The rise in recent years of teen e-cigarette use has worried many who fear that kids will skip cigarettes but get addicted to nicotine through vaping. But now new data shows that teen vaping rates are already on the decline, and smoking rates for the age group are staying low as well. This could mean that vaping is working to curb smoking rates without providing a new addictive habit.
Recent research indicates that vaping is not as addictive as smoking in the first place, and there is no evidence that vaping leads to smoking cigarettes, despite claims to the contrary by many anti-vaping groups. It is believed that teens who don’t smoke might choose to vape because they have heard that vaping is safer. Vaping is safer than smoking, but there is universal agreement that non-smokers and young people especially should not take up vaping as a hobby. But the reality is that there are teens who are prone to smoke, meaning that they want to smoke and will smoke despite laws and vast knowledge of the dangers of cigarettes. If such kids are choosing to vape instead, that is better for than health than choosing combustible cigarettes.
And now the evidence indicates that such kids are not getting hooked on vaping.
According to a report published in Morbidity and Mortality Weekly Report, 3 million teens used e-cigarettes in 2015 but that number went down to 2.2 million in 2016. For high school kids the rate went from 16 percent in 2015 down to only 11 percent in 2016. That is a significant drop, and many believe information campaigns about the potential dangers of vaping are the reason for it.
It is better for teens and children not to use nicotine at all because the drug can have a negative effect on developing brains. Though vaping is less harmful to a young person than smoking is, it is important that young people are discouraged from vaping (with the one exception being cases where a child or teen is already a cigarette smoker.) The vape industry has always discouraged vaping for anyone under the age of 18, and has self-imposed restrictions on sales to minors. The anti-vaping sentiments commonly expressed in the media are often fraught with misinformation and unproven claims, but if a message is getting across to youth that no smoking and no vaping is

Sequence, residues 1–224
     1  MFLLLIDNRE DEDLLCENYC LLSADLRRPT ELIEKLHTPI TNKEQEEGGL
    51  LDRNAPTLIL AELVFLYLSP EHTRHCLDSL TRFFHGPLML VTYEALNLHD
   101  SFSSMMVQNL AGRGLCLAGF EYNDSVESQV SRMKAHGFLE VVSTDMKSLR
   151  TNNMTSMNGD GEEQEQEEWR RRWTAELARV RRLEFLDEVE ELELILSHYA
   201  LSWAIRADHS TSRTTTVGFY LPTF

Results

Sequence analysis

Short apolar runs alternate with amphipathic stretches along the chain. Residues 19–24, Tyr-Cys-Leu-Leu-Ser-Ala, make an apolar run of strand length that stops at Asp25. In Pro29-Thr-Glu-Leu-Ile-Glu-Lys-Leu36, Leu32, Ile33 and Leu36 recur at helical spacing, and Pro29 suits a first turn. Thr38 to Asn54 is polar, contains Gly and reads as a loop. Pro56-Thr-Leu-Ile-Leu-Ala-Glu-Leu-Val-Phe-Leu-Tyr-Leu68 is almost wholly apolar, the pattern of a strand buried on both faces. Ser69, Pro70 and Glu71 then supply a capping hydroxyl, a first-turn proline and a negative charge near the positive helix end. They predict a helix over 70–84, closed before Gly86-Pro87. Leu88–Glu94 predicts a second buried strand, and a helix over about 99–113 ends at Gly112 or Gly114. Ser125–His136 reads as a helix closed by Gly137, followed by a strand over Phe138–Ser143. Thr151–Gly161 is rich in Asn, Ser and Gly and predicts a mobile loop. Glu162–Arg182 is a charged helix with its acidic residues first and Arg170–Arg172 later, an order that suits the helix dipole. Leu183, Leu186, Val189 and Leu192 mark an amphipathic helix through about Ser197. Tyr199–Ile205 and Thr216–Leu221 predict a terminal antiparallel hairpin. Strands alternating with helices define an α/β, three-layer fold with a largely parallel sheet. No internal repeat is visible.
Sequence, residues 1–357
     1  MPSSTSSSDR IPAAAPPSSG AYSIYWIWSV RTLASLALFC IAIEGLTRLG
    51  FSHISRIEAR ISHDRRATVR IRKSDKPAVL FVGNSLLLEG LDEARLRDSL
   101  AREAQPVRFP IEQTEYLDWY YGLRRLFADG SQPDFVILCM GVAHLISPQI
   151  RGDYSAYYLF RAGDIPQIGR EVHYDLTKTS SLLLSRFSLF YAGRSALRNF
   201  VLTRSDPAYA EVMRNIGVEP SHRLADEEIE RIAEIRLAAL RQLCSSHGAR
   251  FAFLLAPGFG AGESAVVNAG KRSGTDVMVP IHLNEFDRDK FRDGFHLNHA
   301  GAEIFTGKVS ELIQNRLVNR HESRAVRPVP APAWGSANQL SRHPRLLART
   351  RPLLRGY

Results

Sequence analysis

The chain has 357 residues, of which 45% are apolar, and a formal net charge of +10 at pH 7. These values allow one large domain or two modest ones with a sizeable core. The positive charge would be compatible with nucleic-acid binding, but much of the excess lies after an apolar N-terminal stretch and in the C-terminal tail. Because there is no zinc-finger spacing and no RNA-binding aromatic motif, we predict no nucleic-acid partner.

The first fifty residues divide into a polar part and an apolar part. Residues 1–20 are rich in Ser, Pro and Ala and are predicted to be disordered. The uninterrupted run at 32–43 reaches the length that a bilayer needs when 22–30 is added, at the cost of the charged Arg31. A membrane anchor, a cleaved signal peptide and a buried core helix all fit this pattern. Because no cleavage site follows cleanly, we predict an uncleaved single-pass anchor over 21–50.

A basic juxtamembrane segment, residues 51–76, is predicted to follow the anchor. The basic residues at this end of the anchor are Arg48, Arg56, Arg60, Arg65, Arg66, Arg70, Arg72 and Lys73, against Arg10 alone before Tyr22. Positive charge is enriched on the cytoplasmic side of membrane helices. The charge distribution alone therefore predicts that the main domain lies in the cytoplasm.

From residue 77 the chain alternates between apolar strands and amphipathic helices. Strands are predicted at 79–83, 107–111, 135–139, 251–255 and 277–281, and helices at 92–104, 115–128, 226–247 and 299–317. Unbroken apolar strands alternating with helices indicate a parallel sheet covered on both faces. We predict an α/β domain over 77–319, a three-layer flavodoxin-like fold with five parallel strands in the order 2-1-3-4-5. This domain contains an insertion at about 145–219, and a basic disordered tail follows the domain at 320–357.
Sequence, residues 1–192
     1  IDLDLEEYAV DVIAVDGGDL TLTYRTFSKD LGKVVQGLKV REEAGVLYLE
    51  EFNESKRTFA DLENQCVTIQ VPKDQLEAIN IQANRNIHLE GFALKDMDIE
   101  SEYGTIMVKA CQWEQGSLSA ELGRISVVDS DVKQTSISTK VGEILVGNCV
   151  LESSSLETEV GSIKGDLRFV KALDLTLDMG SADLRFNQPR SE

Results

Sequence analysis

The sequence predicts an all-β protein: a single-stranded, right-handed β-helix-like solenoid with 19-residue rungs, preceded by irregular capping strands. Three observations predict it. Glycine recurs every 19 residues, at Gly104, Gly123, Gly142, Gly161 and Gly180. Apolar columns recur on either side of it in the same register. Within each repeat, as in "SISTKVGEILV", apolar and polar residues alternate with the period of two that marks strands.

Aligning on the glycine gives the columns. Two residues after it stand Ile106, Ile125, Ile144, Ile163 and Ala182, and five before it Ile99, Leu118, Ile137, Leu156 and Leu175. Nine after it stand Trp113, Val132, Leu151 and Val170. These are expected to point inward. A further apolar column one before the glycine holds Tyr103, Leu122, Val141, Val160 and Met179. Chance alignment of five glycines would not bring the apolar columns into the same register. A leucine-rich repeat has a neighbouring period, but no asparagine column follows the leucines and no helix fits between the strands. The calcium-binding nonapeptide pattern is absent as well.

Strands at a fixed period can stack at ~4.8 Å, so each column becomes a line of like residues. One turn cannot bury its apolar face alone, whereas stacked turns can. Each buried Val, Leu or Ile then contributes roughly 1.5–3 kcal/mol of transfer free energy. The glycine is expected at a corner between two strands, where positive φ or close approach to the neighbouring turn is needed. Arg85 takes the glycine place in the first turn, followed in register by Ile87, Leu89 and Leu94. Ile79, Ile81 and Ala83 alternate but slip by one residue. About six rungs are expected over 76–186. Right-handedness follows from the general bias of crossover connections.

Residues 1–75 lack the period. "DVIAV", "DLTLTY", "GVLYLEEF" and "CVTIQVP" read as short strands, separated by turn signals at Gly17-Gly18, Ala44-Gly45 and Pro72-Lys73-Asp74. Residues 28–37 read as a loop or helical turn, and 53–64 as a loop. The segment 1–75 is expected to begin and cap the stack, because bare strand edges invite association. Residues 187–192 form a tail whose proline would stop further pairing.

the best policy, that is a good thing.
The problem with the anti-vaping sentiment is that it fails to recognize the importance of vaping as an option for people who already smoke. One group that is pleased with the report on the teen vaping rate drop is the Campaign for Tobacco Free Kids. This organization is no fan of vaping, and is guilty of spreading misinformation and lobbying for restrictive laws to prevent vaping products from being available to smokers. The president of CTFK told the Washington Post that the drop in teen vaping rates is “extraordinary progress.” While that is true, there is still a problem of teens who are actually smoking cigarettes. Groups like CTFK work against the health of such kids by refusing to see the harm reduction potential of e-cigarettes to kids who already addicted to smoking.